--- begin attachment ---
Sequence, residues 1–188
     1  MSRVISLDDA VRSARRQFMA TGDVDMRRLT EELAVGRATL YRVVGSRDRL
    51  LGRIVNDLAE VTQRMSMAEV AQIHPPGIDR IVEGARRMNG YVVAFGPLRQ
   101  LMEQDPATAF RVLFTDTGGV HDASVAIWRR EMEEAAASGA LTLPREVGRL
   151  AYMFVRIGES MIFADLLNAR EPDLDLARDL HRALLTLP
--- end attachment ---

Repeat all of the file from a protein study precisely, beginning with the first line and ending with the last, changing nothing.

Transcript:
Sequence, residues 1–188
     1  MSRVISLDDA VRSARRQFMA TGDVDMRRLT EELAVGRATL YRVVGSRDRL
    51  LGRIVNDLAE VTQRMSMAEV AQIHPPGIDR IVEGARRMNG YVVAFGPLRQ
   101  LMEQDPATAF RVLFTDTGGV HDASVAIWRR EMEEAAASGA LTLPREVGRL
   151  AYMFVRIGES MIFADLLNAR EPDLDLARDL HRALLTLP